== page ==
“Feminist Foreign Policy is the policy of a state that defines its interactions with other states and movements in a way that prioritizes gender equality and enshrines the human rights of women and other traditionally marginalized groups, allocates significant resources to the realization of this vision, and seeks, through its implementation, to disrupt patriarchal and masculine power structures through all of its levers of influence (aid, trade, defense, and diplomacy), informed by the voices of feminist activists and movements.”
The following are the components of feminist foreign policy;
- Ensuring women’s and girl’s universal and equal rights and protection from violence.
- Giving sufficient human and economic resources to achieve FFP objectives.
- Ensuring women’s participation in all sectors of society including politics and economy.
Efforts for Women’s Rights at International Level
United Nations established the Universal Declaration of Human Rights (UDHR) in 1948 to ensure gender equality. The document says, “All human beings are born free and equal in dignity and rights” and that “everyone is entitled to all the rights and freedoms outlined in this Declaration, without distinction of any kind, such as race, color, sex, language, religion, … birth or another status.” Feminist movements grabbed the attention of the world in the 1970s. UN General Assembly (UNGA) organized the first World Women’s Conference in 1975 and declared this year as the International Women’s Year. During the conference, the Voluntary Fund for Women was also established.
1) Formation of CEDAW (1979)
In 1979, UNGA passed the International Bill of Rights of Women and adopted the Convention on the Elimination of All Forms of Discrimination against Women (CEDAW). It includes the setup and agenda to end discrimination against women. The treaty also affirmed the reproductive rights of women.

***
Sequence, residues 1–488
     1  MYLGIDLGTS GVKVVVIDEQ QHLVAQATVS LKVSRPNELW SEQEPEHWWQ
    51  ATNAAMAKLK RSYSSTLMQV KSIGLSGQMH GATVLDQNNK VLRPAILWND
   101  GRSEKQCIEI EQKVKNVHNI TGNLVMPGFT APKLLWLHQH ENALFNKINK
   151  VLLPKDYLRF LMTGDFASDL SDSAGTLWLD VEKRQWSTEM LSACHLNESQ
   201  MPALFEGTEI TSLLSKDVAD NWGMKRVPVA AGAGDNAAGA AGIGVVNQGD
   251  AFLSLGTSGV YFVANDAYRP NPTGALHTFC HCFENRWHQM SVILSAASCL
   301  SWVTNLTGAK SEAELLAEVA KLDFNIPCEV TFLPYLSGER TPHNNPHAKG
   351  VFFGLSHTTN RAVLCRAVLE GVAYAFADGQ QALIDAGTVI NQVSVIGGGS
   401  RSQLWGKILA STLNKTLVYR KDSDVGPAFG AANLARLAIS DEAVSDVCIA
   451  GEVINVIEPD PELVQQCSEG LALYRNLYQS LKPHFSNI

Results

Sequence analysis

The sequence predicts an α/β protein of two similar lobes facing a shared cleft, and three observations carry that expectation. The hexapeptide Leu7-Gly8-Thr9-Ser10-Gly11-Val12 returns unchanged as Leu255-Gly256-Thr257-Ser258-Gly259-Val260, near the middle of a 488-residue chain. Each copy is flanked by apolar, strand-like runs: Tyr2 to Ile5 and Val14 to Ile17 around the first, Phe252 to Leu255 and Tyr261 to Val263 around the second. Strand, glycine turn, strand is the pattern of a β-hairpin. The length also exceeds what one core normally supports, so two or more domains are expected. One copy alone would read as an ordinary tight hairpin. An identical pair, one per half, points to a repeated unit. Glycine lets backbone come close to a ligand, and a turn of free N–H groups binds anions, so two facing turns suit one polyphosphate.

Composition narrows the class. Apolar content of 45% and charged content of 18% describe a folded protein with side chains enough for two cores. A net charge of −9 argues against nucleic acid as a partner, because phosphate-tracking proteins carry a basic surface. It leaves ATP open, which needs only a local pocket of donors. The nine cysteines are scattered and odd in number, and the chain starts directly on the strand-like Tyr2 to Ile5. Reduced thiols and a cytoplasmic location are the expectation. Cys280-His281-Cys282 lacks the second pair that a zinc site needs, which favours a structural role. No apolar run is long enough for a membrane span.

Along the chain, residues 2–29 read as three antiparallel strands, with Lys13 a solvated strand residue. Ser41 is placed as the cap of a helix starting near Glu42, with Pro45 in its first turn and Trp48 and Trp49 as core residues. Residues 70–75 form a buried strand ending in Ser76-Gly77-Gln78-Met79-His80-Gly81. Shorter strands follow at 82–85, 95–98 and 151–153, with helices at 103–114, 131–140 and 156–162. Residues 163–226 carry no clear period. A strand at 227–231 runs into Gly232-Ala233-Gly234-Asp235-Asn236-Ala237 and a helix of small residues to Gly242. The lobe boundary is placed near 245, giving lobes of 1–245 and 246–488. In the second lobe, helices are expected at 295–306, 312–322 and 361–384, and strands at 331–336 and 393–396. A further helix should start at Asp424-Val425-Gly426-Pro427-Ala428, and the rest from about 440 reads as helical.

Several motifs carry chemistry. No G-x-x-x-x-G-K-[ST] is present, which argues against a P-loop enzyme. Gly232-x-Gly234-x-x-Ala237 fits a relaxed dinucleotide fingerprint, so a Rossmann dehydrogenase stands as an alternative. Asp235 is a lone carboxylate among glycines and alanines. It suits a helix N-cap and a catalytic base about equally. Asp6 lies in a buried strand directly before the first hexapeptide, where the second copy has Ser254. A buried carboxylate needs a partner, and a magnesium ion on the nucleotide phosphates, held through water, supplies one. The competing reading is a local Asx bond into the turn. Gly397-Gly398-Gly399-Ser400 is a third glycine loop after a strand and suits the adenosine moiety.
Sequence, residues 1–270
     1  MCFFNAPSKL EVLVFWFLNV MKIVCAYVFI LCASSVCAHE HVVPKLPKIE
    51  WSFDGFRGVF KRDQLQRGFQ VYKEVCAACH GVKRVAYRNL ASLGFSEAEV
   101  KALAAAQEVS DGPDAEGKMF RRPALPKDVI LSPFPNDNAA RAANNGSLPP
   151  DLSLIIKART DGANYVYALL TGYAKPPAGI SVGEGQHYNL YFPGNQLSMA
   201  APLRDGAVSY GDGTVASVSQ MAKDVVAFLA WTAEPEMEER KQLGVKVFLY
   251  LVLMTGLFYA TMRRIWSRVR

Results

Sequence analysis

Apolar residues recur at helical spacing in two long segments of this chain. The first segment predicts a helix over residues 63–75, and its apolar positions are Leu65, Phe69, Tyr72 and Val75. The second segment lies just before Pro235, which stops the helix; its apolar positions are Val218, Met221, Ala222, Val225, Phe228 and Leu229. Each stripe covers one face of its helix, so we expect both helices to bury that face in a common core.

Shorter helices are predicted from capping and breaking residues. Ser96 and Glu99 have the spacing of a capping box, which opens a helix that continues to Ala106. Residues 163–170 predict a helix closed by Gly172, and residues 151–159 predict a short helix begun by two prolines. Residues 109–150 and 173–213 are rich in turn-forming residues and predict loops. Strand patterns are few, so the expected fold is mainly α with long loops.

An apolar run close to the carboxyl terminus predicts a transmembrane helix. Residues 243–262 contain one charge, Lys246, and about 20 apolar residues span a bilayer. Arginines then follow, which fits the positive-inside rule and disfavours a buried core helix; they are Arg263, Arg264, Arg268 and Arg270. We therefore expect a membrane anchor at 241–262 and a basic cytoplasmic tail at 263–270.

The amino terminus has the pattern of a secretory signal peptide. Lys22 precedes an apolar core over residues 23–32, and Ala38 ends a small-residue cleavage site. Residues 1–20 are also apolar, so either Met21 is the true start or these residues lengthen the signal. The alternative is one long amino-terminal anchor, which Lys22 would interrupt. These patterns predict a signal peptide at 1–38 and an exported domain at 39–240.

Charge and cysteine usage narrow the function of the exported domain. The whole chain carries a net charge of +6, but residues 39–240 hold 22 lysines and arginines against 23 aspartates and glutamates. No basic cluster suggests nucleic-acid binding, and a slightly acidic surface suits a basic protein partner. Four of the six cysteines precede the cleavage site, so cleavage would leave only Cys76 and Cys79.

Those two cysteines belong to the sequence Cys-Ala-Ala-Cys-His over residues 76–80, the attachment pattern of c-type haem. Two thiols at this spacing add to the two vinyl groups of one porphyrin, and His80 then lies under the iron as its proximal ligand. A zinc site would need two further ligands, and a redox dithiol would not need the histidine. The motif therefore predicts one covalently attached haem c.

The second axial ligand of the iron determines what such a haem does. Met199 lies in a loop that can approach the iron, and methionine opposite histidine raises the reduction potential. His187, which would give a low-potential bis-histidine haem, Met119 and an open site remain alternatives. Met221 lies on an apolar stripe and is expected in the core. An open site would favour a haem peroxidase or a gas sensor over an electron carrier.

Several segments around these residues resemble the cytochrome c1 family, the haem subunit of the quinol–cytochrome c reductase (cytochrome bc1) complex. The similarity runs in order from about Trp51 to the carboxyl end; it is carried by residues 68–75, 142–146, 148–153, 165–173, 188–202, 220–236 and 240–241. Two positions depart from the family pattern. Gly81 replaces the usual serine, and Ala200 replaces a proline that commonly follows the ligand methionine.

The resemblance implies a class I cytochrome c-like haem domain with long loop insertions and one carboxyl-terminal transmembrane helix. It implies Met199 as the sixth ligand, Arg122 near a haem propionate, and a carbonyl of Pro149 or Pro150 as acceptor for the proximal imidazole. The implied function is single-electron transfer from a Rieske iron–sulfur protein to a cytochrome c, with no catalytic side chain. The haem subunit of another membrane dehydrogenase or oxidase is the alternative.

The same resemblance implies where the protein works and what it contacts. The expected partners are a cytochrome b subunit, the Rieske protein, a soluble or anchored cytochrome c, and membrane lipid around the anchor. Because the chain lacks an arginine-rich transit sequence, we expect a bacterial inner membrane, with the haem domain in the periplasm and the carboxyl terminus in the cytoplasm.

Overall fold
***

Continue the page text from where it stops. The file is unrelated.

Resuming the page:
2) Birth of Global Feminism (1985)
The World Conference to Review and Appraise the Achievements of the United Nations Decade for Women: Equality, Development, and Peace, was held in Nairobi in 1985. Many referred to this conference as “the birth of global feminism.” The 157 participating member countries adopted the Nairobi Forward-looking Strategies to the Year 2000. Further, 15,000 non-governmental organizations (NGOs) representatives participated in a parallel NGO Forum. The document laid new ground by setting all issues to be women’s issues.
3) Women Beijing Conference (1995)
In 1995, another World’s Women Conference was held in Beijing, China. It established the Beijing Declaration and Platform for Action which asserted the rights of girls and women as human rights and committed to particular actions to guarantee respect for those rights.
4) The Commission on the Status of Women (1996)
The Economic and Social Council (ECOSOC) expanded the Commission on the Status of Women (CSW) to fill the gaps and the problems in the Beijing Conference. The Commission on the Status of Women (CSW) is a significant global intergovernmental body exclusively committed to the empowerment of women and the promotion of gender equality. The member states acquire an understanding of additional measures aimed at advancing women’s exercise of their rights in social, political, and economic spheres.
5) UN Women (2010)
On 2 July 2010, the United Nations General Assembly (UNGA) decided to create a single UN body with a unanimous vote tasked with advancing progress in attaining gender equality and women’s empowerment. The new UN Entity for Gender Equality and the Empowerment of Women, also known as UN Women has merged four international agencies and offices: the Division for the Advancement of Women (DAW), the UN Development Fund for Women (UNIFEM), the UN International Research and Training Institute for the Advancement of Women, and the Office of the Special Adviser on Gender Issues.
6) Women and SDG’s